Sign Up for Our Monthly Explorer Newsletter
Nearly four times the size of Texas and containing a population of less than 3 million, the state of Western Australia (WA) offers room to roam. A bit farther from the U.S. than the rest of Australia, WA sees a smaller number of American visitors, who are usually most familiar with Perth, the region’s capital.
This is a missed opportunity for adventure seekers, who can take advantage of WA’s regional diversity by visiting one of its pink lakes, trekking on a camel during an epic sunset or sunbathing alongside kangaroos.
Swimming With Whale SharksDown Under Answers sends about 400 people per year to WA, a small but growing number based on “the great opportunities and very high satisfaction of the clientele who visit there.” Owner and president Kirk Demeter is proof: He has explored WA eight times, and even discovered his all-time favorite adventure at Ningaloo Reef, the world’s largest fringing reef.
“Swimming with the whale sharks in Ningaloo Reef is not only my favorite adventure activity in WA, but my favorite adventure I’ve ever done,” Demeter said. “To have these huge, docile fish — which can be up to 40 feet long — swim right up to you is thrilling. It’s like being on your own National Geographic show.”
The best time to swim with the whale sharks is April through July. The reef is accessible via Exmouth.
DivingFor the 20 years she’s been working as a travel agent, Kerrie Strumolo, owner and operator of K.S. Travel & Tours, has been selling WA. An Aussie herself, the Australia and South Pacific specialist is planning a seven-week itinerary along the region’s 8,000-mile coastline.
Though she likes to take advantage of WA’s size when planning trips, her favorite spot is a small, family-friendly island that’s just a ferry ride away from Perth.
“Not only is Rottnest Island famous for its 10,000 quokkas, a unique marsupial, it’s also a haven for divers and snorkelers,” she said. “No other Australian capital city offers premier dive sites in such close proximity. Rottnest offers a plethora of fish life, crevices and caves, corals and wreck dives.”
At about 7 miles long by 3 miles wide, Rottnest Island makes for a great bike ride of about 2.5 hours.
Many consider outback WA to be the last frontier in Australia. // © 2015 Tourism Western Australia
Taking an air safari of the Kimberley Aerial Highway includes such highlights as the King George Falls. // © 2015 Tourism Western Australia
Only a short ferry ride from capital Perth, Rottnest Island offers great snorkeling and diving. // © 2015 Tourism Western Australia
Visitors to Rottnest can also fish, boat, surf, bike and more. // © 2015 Tourism Western Australia
Rottnest Island is also home to the cat-sized quokka, a marsupial that is mainly found in Western Australia’s smaller islands. // © 2015 Tourism Western Australia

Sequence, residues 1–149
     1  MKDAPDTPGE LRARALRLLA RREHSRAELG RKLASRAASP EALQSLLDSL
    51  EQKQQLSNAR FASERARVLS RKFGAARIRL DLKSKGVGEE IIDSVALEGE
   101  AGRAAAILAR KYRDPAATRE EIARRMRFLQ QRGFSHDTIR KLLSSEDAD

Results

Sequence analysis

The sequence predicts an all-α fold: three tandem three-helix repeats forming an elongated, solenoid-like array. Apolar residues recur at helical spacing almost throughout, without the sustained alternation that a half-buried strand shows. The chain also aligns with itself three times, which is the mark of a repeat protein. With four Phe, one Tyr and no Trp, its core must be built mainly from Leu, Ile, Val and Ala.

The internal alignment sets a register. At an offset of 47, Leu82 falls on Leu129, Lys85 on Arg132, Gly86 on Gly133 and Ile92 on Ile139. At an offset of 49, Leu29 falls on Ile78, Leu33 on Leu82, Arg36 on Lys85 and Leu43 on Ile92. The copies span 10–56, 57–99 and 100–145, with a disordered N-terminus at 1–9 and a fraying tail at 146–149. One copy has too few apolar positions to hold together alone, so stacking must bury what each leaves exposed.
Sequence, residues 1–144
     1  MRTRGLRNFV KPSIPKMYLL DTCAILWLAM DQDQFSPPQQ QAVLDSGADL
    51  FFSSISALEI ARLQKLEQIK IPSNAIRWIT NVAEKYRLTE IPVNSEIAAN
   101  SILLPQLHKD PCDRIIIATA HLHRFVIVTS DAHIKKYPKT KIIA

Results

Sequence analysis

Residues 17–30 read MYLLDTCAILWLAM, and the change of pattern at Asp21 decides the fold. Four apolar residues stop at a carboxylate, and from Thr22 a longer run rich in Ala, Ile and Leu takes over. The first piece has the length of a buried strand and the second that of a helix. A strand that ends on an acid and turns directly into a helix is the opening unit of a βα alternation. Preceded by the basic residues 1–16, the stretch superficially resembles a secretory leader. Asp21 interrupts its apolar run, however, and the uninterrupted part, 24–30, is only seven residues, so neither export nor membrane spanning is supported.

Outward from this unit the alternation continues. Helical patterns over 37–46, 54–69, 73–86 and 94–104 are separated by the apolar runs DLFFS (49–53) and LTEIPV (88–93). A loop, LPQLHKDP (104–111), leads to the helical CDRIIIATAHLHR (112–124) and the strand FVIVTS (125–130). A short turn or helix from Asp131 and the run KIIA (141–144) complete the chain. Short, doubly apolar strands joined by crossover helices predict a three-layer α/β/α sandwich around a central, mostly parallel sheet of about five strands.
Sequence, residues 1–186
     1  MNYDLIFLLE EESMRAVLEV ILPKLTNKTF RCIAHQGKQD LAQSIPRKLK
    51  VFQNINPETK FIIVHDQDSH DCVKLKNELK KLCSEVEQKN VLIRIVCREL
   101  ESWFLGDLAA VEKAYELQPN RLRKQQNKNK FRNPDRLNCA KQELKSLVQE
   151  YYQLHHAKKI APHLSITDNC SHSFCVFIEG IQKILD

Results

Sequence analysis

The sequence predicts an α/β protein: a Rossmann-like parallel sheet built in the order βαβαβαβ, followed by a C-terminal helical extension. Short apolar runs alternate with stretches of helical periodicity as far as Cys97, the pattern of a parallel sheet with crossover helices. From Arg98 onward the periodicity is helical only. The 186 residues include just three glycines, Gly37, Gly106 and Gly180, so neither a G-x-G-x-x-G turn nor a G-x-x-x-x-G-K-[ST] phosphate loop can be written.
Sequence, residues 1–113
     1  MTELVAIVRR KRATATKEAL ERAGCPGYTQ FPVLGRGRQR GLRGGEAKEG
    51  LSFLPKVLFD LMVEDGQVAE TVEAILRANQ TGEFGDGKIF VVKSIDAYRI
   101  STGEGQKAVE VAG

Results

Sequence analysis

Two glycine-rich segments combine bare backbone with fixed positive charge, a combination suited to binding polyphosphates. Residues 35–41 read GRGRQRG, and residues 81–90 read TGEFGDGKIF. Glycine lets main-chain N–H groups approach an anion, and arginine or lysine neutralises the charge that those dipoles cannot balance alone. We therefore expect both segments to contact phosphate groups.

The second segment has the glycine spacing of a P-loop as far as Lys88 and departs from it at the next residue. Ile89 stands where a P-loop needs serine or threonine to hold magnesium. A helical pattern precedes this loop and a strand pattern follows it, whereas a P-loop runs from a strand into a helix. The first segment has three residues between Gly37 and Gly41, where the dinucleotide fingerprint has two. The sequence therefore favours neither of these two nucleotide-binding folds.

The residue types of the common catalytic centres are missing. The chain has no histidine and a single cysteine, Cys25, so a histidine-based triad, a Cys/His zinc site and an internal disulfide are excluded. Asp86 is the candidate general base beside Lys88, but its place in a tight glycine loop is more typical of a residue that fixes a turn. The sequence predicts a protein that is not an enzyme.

There are about 12,000 quokkas on Rottnest Island. // © 2015 Tourism Western Australia
Rottnest is a year-round destination, but the annual migration of humpback whales occurs from September to November. // © 2015 Tourism Western Australia
To swim with whale sharks, head to Ningaloo Reef from April to July. // © 2015 Tourism Western Australia
From Ningaloo, head to Broome, a pearl center with true outback Aussies far removed from city life. // © 2015 Tourism Western Australia
Air SafariSandra Nerlich, regional director North America for Tourism Western Australia, admits that choosing just one adventure activity in WA is not easy for her. So, it’s no surprise that her answer is a crafty one that weaves many experiences together: an air safari of the Kimberley Aerial Highway in the remote outback of WA.
“It’s essentially a series of unseen pathways in the sky with a number of red earth landing strips,” she said. “On the air safari, you become part of this special unspoken team with the pilot. You become the co-navigators, the wildlife spotters, the bush fire alarmers — not to mention the inquisitive party that keeps the pilot on top of their game with questions. You begin to relate to those early explorers who came before you.”
Isolated Kimberley in the northwest of WA is considered by some to be Australia’s last frontier. It features rock-formation landscapes five times older than the Egyptian pyramids, the world’s only two horizontal waterfalls, the second-fastest tides in the world, the oldest pearling farm in Australia, reef systems teeming with incredible marine life, significant Aboriginal petroglyphs, Aussie wildlife and more.